The Big Billion Startup book review

This column is about two things – a book review and my astonishment about a book that mesmerises from the word go. I try and read a book a month or at least 10 a year. I know I need to improve on that number. But when I start reading a book I complete it in two to three days or give up in as many. I had heard of the book a couple of weeks ago and got lucky to be invited to the book launch by the author himself thanks to a common friend. I bought the book at the launch thinking I would start reading it over the weekend. But even before the weekend could dawn I had completed devouring the 274 pages of pure delight.

The book is a behind the scenes account of how Sachin Bansal and Binny Bansal started off in 2007 with Rs 4,00,000. They ended their ride at the empire they built eleven years later with a valuation of $20 billion. They both made a billion each as the deal closed. And they both had unceremonious exits. The 24 chapters start off with the story of one Ajay Bhutani in absolutely filmi style. It concludes with one of the co-founders sitting at a bar called Sathyas with Tapas Rudrapatna – one of the first employees at Flipkart. Quite an anti-climax to a journey that was quite the roller coaster. I recommend this book to students of business and communication, to shoppers and consumers, to start-up founders and investors. Basically, to everyone. It has drama, mystery, intrigue, politics and much more. No wonder the author has already sold rights for a web-series or motion picture.

My five takeaways from the book –

  1. No dream is to be discarded. If one has the courage to pursue them, do so. Whether it is about the boys who had the courage to start this company or the author who wrote a book that is already on the best seller stands, just do it
  2. An eye for detail. The way Binny and Sachin built the organisation with focus or the way the author has shared the smallest of incidents as if he was present when they happened is an eye-opener.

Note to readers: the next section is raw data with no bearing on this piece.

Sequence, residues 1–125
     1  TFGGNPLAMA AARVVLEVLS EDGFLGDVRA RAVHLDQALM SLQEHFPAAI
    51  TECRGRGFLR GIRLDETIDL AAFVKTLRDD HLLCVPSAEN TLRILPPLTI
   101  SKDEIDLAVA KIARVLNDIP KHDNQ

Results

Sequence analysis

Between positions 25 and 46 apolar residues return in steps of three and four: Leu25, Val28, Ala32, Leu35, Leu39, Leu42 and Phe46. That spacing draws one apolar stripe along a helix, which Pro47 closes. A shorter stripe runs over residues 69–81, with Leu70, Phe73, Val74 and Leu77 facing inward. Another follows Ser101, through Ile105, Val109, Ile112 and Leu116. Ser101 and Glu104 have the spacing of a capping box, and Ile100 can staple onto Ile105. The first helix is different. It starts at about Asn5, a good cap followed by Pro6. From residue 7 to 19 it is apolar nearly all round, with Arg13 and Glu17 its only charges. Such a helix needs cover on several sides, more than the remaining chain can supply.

3. Believe in yourself. How the two co-founders believed in themselves and later how Lee Fixel and Kalyan Krishnamurthy dug their heels deep is similar to how the author spoke to hundreds of people connected with the company to recreate the happenings spread over a decade and more.
  4. Storytelling is an art. One realises that the founders needed to tell the story of their idea and at times they had takers and times they did not. The book is a collection of many short stories weaved into a giant corporate tale by a master storyteller.
  5. Money can’t buy happiness. As the start-up grew from strength to strength and the valuation rose from $20 million to $20 billion it came with its set of challenges and pain points. Many sleepless nights and angsty moments would have been faced by the Founders. Similarly, the author would have not been able to bring out this magnum opus without going through many an ordeal.

Well, enough of this column. Time for you to head to Flipkart or Amazon and buy yourself a copy. Read it and you may thank me later for the recommendation.

Amith Prabhu on BloggerAmith Prabhu on FacebookAmith Prabhu on Twitter
Amith Prabhu
Amith Prabhu is the Founder of the PRomise Foundation which organises PRAXIS, India’s annual summit of reputation management professionals.

He is also the Founding Dean of the School of Communications & Reputation (SCoRe).

He can be reached at @amithpr on twitter.

Be the first to comment on "The Big Billion Startup book review"

Leave a comment

Your email address will not be published.